Out here in Oregon, I enjoy the rough-hewn life of a modern homesteader and mountain woman, weaving outdoor adventures into the fabric of everyday living. Whether tending this McKenzie River homestead hearth or a campfire up in the mountains, I find great enjoyment in the work of a self-sufficient life. Gather around as I share my tales of camping, cooking, hiking, handcrafting, wildcrafting, canning, growing food, keeping chickens, and raising twin children. It is my hope to share some ideas and inspiration with other folks, to strengthen our connections with the land and wild places.
We spent some time over the weekend working with the earth and getting the garden prepped, just in time for Earth Day. With the help of a bargain rototiller we got over the summer from a friend's grandfather, our trailer load of aged steer manure, all of Corey's old newspapers, woodchips from the free city piles, and a bale of straw, we now have a beautiful garden taking shape for the season. I am enjoying standing back and just looking at it in the mornings before the busy days begin.
We left little islands around the chard, arugula, wheatgrass and kale that overwintered, and tried out some different types of rows this year, like blocks, and a keyhole garden in the center.
With the last of our storage onions being eaten this week, it felt good to get onion sets in the ground. I planted my favorites, Red Zeppelin and Walla Walla Sweet. We also got all the potatoes in and sowed some pea, radish and arugula seeds.
Since the greenhouse project turned out to be a little more complicated and in need of more windows than we had saved, we created a makeshift cold frame over this raised bed, that seems to be much more successful than the strawbale one last year that was basically a hotel and buffet for mice.
Everyone plays their part on the homestead. For some of us, that's working hard, and for some it's hardly working. I suppose we all need a catnap from time to time.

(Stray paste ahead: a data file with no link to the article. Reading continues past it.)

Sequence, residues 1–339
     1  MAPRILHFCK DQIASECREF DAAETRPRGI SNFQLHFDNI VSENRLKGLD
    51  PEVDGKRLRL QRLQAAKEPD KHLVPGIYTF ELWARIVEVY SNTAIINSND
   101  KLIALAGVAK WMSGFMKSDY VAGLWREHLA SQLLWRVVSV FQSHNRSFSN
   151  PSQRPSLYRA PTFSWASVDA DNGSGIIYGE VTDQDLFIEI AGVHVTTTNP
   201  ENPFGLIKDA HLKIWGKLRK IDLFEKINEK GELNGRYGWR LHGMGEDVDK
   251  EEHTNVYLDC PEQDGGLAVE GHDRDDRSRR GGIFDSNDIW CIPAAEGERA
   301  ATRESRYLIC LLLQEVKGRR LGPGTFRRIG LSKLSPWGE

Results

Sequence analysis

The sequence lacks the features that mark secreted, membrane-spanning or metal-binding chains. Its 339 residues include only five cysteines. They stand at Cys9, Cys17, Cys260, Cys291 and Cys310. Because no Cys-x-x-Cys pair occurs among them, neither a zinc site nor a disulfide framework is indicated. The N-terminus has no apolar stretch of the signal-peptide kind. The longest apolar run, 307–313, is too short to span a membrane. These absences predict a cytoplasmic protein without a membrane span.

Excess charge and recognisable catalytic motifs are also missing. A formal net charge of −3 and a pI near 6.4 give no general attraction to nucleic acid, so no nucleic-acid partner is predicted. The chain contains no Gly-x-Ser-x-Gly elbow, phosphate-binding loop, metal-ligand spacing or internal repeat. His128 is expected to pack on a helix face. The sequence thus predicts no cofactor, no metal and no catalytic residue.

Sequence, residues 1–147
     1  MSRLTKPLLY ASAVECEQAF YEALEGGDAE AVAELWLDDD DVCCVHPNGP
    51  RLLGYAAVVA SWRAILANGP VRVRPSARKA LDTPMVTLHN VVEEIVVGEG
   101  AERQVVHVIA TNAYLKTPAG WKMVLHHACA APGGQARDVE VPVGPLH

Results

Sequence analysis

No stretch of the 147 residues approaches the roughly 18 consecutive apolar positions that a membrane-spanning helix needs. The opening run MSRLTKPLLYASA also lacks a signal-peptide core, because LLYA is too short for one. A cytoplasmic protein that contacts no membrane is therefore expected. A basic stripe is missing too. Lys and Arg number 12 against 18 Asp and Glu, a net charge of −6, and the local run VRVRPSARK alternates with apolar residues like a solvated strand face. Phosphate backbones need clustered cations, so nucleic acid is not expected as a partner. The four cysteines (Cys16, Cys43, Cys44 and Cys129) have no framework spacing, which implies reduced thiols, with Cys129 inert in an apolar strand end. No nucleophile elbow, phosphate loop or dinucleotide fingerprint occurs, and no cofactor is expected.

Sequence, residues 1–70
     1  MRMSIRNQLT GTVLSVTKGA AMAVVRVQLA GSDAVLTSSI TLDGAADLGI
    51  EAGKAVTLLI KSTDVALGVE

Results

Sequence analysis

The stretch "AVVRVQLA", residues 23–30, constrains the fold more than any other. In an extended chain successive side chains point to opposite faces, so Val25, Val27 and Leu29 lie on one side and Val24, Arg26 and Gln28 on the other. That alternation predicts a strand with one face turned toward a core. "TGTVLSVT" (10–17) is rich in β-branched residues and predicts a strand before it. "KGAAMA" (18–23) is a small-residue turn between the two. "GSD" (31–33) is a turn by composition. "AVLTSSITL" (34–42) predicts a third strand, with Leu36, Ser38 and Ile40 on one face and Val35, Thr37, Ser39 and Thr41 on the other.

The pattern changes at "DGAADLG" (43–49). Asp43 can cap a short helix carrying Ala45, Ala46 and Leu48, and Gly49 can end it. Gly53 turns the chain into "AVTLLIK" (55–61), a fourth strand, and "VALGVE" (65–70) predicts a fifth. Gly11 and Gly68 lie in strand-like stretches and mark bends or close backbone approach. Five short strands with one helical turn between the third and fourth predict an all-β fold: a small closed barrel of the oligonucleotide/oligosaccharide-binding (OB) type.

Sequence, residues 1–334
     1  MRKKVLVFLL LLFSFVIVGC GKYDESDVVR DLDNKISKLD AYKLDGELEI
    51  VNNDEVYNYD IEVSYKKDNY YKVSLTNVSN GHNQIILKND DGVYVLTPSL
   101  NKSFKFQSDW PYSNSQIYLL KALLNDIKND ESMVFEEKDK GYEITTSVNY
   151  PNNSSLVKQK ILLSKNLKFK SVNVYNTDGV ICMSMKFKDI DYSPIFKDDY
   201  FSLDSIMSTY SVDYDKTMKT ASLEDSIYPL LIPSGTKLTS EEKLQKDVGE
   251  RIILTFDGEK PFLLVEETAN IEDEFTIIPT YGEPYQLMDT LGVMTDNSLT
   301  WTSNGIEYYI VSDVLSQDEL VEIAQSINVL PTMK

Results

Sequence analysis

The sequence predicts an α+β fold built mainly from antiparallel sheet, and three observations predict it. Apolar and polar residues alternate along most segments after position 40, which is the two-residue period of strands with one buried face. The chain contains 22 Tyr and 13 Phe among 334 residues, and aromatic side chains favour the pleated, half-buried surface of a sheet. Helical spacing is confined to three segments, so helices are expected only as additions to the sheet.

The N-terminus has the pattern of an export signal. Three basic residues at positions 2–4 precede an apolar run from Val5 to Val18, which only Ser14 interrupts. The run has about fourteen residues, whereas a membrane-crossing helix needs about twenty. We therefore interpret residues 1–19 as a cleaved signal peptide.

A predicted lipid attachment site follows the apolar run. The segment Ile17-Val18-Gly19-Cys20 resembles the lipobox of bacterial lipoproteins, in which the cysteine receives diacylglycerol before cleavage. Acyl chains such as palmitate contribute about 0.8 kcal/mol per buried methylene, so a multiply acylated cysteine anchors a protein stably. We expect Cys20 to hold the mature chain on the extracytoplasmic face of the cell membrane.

This includes the kids, who have been enjoying time in their hammocks on these warm spring afternoons. They have this "work hard, play hard" philosophy down.
It seems fitting that it should be Earth Day, with the earth waking up from winter everywhere you look. I enjoyed reading this John Muir quote this morning, courtesy of the Sierra Club this morning in honor of his Earth Day Birthday:
"Thousands of tired, nerve-shaken, over-civilized people are beginning to find out that going to the mountains is going home; that wilderness is a necessity; and that mountain parks and reservations are useful not only as fountains of timber and irrigating rivers, but as fountains of life."
April is a busy time around here, with everyone abuzz, especially the wild honeybees living in the woodshed wall. While they've been doing their job pollinating, we've been working hard providing them with plenty of things to be pollinated. The garden is tilled, paths are mulched, potatoes and onions are planted, peas are sown, and starts are going in a cold frame. All in a weekend's work.
More on all that to come, but for now, I'll just enjoy some rest and let it "bee."
A load of manure is a pretty exciting thing on a homestead. Seriously, I would never B.S. you. It means a healthy garden, abundant vegetables, and the most bang for your buck as far as fertilizers go. It all comes back to the nutrient cycle. Garden nutrients can be added with composting and chicken coop cleanings, but when your garden is large, and you have no livestock of your own, you need a little something extra. I had been out to a local dairy a few years ago to get aged steer manure for my old farm in Elmira, and it produced some impressive results. After enjoying a couple fruitful growing seasons from this garden, I figured it was time to give something back. Since the dairy was also near my favorite local brewery, Agrarian Ales, we decided to make a field trip of it with some friends and Corey's parents who were visiting from the Midwest. Let me tell you, we really know how to show folks a good time here in Oregon.